King County hosts discussion about Cedar River watershed

October 9, 2012

NEW — 4 p.m. Oct. 9, 2012

Residents from along the Cedar River and people interested in recreation on the waterway can learn more about long-term plans for the river soon at a King County open house.

The county and the Cedar River Council, a stakeholders group, planned presentations, a question-and-answer session, and opportunities for citizens to meet county staffers involved in the management of the river and nearby environs.

The county launched the “I Love the Cedar River” meetings last year to launch a conservation about the waterway. The watershed for the Cedar River stretches north to encompass local streams, including Coal and May creeks between Issaquah and Newcastle.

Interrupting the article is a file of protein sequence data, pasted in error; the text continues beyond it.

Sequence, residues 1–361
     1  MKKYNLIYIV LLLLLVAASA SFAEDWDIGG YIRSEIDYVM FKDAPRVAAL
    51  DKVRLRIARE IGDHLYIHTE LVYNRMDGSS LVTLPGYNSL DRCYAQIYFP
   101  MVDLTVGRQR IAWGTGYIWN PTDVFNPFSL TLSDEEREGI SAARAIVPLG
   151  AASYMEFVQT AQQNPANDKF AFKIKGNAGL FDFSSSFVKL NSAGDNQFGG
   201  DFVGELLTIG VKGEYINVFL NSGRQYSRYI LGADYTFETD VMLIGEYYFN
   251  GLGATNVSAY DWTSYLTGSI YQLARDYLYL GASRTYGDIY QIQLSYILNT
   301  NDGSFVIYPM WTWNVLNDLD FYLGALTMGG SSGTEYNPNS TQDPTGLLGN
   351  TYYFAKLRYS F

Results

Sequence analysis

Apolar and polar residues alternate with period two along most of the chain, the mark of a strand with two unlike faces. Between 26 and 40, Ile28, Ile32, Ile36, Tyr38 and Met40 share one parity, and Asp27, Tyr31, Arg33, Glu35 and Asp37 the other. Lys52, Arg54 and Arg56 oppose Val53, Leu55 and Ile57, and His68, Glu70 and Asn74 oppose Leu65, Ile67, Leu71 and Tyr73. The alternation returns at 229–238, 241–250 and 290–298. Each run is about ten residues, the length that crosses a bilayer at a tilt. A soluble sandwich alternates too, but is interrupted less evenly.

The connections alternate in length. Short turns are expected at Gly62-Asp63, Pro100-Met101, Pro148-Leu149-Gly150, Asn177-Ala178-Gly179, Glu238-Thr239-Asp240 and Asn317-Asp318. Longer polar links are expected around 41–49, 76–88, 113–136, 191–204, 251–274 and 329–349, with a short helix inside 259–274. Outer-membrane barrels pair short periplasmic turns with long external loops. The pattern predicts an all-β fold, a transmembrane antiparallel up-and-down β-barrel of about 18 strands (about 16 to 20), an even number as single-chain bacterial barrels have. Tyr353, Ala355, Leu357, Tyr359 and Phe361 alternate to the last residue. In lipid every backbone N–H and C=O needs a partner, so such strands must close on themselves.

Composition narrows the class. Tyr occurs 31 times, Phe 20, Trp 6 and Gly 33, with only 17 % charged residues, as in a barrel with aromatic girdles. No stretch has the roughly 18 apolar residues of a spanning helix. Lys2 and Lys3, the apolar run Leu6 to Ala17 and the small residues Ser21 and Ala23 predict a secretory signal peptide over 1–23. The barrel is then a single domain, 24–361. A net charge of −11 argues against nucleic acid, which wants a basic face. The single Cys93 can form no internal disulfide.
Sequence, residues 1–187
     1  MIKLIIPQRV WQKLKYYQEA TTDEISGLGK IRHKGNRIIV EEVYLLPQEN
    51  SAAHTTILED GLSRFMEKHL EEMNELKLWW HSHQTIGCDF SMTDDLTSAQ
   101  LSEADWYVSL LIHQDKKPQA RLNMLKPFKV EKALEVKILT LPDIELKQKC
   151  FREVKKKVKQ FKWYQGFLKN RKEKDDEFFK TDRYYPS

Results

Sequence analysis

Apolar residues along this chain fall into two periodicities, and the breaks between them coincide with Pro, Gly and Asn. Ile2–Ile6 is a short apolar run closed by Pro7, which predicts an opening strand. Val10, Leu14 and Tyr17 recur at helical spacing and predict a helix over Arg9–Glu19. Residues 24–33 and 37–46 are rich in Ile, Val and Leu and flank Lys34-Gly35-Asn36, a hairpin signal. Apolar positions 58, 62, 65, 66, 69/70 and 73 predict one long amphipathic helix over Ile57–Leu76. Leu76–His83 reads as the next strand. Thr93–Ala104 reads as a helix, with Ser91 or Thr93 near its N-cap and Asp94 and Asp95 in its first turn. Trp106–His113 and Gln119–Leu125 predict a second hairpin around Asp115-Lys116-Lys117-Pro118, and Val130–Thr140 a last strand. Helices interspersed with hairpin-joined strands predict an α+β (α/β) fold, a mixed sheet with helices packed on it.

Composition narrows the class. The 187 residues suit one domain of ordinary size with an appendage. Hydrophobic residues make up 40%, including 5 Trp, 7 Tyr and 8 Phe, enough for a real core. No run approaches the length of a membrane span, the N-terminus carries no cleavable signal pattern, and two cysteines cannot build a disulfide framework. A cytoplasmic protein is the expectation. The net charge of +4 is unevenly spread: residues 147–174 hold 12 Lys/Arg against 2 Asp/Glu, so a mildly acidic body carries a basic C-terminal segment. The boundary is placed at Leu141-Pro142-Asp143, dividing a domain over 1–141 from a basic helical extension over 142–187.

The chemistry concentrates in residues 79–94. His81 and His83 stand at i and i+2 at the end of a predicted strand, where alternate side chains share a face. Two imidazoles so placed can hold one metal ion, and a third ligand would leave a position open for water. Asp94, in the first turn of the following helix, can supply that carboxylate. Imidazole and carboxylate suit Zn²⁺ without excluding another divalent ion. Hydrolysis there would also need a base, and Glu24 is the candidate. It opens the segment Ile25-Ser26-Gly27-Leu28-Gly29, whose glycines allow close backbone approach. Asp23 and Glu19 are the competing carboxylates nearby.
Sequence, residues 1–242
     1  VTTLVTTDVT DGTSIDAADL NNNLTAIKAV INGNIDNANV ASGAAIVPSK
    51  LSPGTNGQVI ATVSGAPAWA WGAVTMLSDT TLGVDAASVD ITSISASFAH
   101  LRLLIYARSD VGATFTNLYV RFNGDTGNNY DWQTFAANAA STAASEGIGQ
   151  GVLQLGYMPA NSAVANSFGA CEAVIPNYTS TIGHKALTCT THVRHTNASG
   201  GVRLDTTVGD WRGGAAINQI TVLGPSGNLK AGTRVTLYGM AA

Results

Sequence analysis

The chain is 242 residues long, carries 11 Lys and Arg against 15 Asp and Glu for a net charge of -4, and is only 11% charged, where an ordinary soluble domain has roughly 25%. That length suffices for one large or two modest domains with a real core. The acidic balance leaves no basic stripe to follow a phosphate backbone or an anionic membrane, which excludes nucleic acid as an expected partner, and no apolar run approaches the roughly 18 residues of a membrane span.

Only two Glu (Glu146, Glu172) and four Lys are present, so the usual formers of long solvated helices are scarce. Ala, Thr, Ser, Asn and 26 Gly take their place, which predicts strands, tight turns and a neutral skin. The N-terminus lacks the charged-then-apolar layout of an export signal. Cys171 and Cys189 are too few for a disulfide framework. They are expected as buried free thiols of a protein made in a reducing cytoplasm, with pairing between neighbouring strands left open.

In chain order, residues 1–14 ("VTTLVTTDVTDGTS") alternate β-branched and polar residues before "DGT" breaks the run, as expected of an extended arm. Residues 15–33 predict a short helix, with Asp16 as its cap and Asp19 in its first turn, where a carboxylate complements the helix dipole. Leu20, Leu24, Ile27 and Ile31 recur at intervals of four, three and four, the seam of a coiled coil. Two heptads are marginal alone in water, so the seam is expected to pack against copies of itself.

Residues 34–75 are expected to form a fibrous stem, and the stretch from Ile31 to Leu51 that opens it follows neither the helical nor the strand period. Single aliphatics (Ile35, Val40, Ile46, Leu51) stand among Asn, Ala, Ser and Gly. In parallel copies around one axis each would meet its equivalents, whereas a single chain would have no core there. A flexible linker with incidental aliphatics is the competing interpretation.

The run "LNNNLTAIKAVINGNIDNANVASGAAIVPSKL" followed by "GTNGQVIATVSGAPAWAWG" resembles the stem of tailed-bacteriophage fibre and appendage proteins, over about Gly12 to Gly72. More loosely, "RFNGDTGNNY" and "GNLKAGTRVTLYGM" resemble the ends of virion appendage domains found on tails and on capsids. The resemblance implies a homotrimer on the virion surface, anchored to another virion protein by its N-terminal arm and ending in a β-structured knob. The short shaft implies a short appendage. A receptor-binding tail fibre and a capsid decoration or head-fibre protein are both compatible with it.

The meeting is from 6-8:30 p.m. Oct. 24 at the Lake Wilderness Lodge, 22500 S.E. 248th St., Maple Valley.

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Join ‘Gill’-iver’s Travels at Salmon Days to experience salmon migration

October 7, 2012

NEW — 6 a.m. Oct. 7, 2012

In addition to the Roving Fish Fan hunt at the Salmon Days Festival, the downtown Issaquah Salmon Hatchery features “Gill”-iver’s Travels — a chance for children and adults to assume the role of a migrating salmon.

(Trust us, nobody dies at the end of the journey.)

The experience starts at the entrance of the hatchery, 125 W. Sunset Way. Then, participants head to booths to answer questions about salmon, the environment and water quality. Show the passport to the state Department of Fish and Wildlife at the end of the journey to receive a fishy treat.

The program comes together through the efforts of the state fish and wildlife agency, the state Department of Natural Resources, Friends of the Issaquah Salmon Hatchery and King County.